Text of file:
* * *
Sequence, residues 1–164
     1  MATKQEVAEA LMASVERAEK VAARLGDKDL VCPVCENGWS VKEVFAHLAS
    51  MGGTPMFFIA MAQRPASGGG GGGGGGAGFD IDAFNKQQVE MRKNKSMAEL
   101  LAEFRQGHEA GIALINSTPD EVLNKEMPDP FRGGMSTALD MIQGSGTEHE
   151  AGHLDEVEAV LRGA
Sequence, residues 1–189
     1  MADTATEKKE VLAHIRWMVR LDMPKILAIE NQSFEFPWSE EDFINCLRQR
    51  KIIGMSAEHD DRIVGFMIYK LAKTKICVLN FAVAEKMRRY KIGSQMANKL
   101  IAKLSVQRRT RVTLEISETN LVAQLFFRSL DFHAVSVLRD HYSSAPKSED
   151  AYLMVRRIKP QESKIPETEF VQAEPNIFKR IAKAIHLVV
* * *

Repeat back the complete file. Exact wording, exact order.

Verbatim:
Sequence, residues 1–164
     1  MATKQEVAEA LMASVERAEK VAARLGDKDL VCPVCENGWS VKEVFAHLAS
    51  MGGTPMFFIA MAQRPASGGG GGGGGGAGFD IDAFNKQQVE MRKNKSMAEL
   101  LAEFRQGHEA GIALINSTPD EVLNKEMPDP FRGGMSTALD MIQGSGTEHE
   151  AGHLDEVEAV LRGA
Sequence, residues 1–189
     1  MADTATEKKE VLAHIRWMVR LDMPKILAIE NQSFEFPWSE EDFINCLRQR
    51  KIIGMSAEHD DRIVGFMIYK LAKTKICVLN FAVAEKMRRY KIGSQMANKL
   101  IAKLSVQRRT RVTLEISETN LVAQLFFRSL DFHAVSVLRD HYSSAPKSED
   151  AYLMVRRIKP QESKIPETEF VQAEPNIFKR IAKAIHLVV